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Gates of Fire: An Epic Novel of the Battle of Thermopylae Paperback – Unabridged, September 27, 2005

4.6 out of 5 stars 1,296 customer reviews

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Editorial Reviews

Amazon.com Review

Go tell the Spartans, stranger passing by, that here obedient to their laws we lie.

Thus reads an ancient stone at Thermopylae in northern Greece, the site of one of the world's greatest battles for freedom. Here, in 480 B.C., on a narrow mountain pass above the crystalline Aegean, 300 Spartan knights and their allies faced the massive forces of Xerxes, King of Persia. From the start, there was no question but that the Spartans would perish. In Gates of Fire, however, Steven Pressfield makes their courageous defense--and eventual extinction--unbearably suspenseful.

In the tradition of Mary Renault, this historical novel unfolds in flashback. Xeo, the sole Spartan survivor of Thermopylae, has been captured by the Persians, and Xerxes himself presses his young captive to reveal how his tiny cohort kept more than 100,000 Persians at bay for a week. Xeo, however, begins at the beginning, when his childhood home in northern Greece was overrun and he escaped to Sparta. There he is drafted into the elite Spartan guard and rigorously schooled in the art of war--an education brutal enough to destroy half the students, but (oddly enough) not without humor: "The more miserable the conditions, the more convulsing the jokes became, or at least that's how it seems," Xeo recalls. His companions in arms are Alexandros, a gentle boy who turns out to be the most courageous of all, and Rooster, an angry, half-Messenian youth.

Pressfield's descriptions of war are breathtaking in their immediacy. They are also meticulously assembled out of physical detail and crisp, uncluttered metaphor:

The forerank of the enemy collapsed immediately as the first shock hit it; the body-length shields seemed to implode rearward, their anchoring spikes rooted slinging from the earth like tent pins in a gale. The forerank archers were literally bowled off their feet, their wall-like shields caving in upon them like fortress redoubts under the assault of the ram.... The valor of the individual Medes was beyond question, but their light hacking blades were harmless as toys; against the massed wall of Spartan armor, they might as well have been defending themselves with reeds or fennel stalks.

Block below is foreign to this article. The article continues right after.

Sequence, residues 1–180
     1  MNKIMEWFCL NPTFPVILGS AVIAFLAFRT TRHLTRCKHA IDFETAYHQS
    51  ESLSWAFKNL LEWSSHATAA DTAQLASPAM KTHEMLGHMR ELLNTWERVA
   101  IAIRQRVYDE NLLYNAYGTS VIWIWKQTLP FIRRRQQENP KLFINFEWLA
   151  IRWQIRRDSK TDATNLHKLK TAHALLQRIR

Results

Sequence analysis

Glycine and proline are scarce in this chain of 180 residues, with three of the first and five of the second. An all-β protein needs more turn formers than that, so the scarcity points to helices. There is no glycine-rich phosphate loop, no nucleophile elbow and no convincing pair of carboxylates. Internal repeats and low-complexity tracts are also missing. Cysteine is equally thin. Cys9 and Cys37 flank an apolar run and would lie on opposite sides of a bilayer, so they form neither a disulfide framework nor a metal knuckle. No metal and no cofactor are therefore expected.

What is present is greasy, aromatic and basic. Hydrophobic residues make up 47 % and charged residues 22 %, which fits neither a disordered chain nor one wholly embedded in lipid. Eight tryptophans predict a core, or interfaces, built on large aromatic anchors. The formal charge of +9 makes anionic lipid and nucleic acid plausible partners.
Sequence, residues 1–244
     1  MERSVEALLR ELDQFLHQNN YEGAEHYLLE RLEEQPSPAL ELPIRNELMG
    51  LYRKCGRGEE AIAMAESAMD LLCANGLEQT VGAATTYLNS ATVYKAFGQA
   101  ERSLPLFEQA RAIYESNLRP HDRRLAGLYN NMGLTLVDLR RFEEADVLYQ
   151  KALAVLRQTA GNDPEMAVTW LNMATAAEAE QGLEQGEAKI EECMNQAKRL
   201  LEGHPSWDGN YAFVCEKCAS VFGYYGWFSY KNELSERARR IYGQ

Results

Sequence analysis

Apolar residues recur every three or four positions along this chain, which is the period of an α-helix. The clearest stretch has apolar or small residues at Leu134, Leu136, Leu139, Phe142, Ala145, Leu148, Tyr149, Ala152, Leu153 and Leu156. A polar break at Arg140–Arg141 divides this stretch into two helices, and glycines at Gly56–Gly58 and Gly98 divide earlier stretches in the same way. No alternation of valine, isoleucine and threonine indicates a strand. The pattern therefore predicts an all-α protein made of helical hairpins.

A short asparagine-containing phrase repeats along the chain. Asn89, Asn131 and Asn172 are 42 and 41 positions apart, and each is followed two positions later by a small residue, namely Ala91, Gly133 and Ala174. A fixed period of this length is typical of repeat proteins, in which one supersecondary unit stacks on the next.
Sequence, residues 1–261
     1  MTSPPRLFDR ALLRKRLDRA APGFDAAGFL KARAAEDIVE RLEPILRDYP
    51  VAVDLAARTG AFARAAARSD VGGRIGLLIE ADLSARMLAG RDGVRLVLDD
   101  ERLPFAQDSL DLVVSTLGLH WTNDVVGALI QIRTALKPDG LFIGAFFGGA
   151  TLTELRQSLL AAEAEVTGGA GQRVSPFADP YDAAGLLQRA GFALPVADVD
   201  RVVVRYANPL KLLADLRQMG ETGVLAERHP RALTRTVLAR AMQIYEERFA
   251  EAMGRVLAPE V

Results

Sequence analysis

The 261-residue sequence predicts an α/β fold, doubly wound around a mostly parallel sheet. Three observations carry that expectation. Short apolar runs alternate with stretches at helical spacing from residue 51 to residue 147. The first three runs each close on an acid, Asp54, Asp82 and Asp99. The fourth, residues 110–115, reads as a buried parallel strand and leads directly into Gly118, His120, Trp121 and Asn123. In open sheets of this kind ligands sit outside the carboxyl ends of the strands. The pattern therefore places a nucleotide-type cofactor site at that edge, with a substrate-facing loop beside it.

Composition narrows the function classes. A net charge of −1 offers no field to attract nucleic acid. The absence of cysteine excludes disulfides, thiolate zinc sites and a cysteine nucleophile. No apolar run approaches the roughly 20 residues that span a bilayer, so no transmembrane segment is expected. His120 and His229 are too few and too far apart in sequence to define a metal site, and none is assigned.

Alas, even this human barrier was bound to collapse, as we knew all along it would. "War is work, not mystery," Xeo laments. But Pressfield's epic seems to make the opposite argument: courage on this scale is not merely inspiring but ultimately mysterious. --Marianne Painter --This text refers to the Hardcover edition.

From Publishers Weekly

Pressfield's first novel, The Legend of Bagger Vance, was about golf, but here he puts aside his putter and picks up sword and shield as he cleverly and convincingly portrays the clash between Greek hoplites and Persian heavy infantry in the most heroic confrontation of the Hellenic Age: the battle of Thermopylae ("the Hot Gates") in 480 B.C. The terrifying spectacle of classical infantry battle becomes vividly clear in his epic treatment of the Greeks' magnificent last stand against the invading Persians. Driven to understand the courage and sacrifice of his Greek foes, the Persian king, Xerxes, compels Xeones, a captured Greek slave, to explain why the Greeks would give their lives to fight against overwhelming odds. Xeones' tale covers his years of training and adventure as the loyal and devoted servant of Dienekes, a noble Spartan soldier, and he describes the six-day ordeal during which a few hundred Greeks held off thousands of Persian spears and arrows, until a Greek traitor led the Persians to an alternate route. Rich with historical detail, hot action and crafty storytelling, Pressfield's riveting story reveals the social and political framework of Spartan life?ending with the hysteria and brutality of the spear-thrusting, shield-bashing clamor that defined a Spartan's relationship with his family, community, country and fellow warriors. Literary Guild and Military Book Club selections; film rights sold to Universal Studios for George Clooney and Robert Lawrence's Maysville Pictures; UK rights to Bantam, Spanish rights to Grijalbo Mondadori, Italian rights to Rizzoli.
Copyright 1998 Reed Business Information, Inc. --This text refers to the Hardcover edition.

Product Details

  • Paperback: 400 pages
  • Publisher: Bantam; Reprint edition (September 27, 2005)
  • Language: English
  • ISBN-10: 055338368X
  • ISBN-13: 978-0553383683
  • Product Dimensions: 5.1 x 0.8 x 8.2 inches
  • Shipping Weight: 14.9 ounces (View shipping rates and policies)
  • Average Customer Review: 4.6 out of 5 stars  See all reviews (1,296 customer reviews)
  • Amazon Best Sellers Rank: #6,981 in Books (See Top 100 in Books)

More About the Author

Steven Pressfield is the author of Gates of Fire, Tides of War, Last of the Amazons, Virtues of War, The Afghan Campaign, Killing Rommel, The Profession, The Lion's Gate, The War of Art, Turning Pro, The Authentic Swing, Do the Work and The Warrior Ethos.

His debut novel, The Legend of Bagger Vance, was adapted for screen. A film of the same title was released in 2000, directed by Robert Redford and starring Matt Damon, Will Smith and Charlize Theron.

His father was in the Navy, and he was born in Port of Spain, Trinidad, in 1943. Since graduating from Duke University in 1965, he has been a U.S. Marine, an advertising copywriter, schoolteacher, tractor-trailer driver, bartender, oilfield roustabout, attendant in a mental hospital and screenwriter.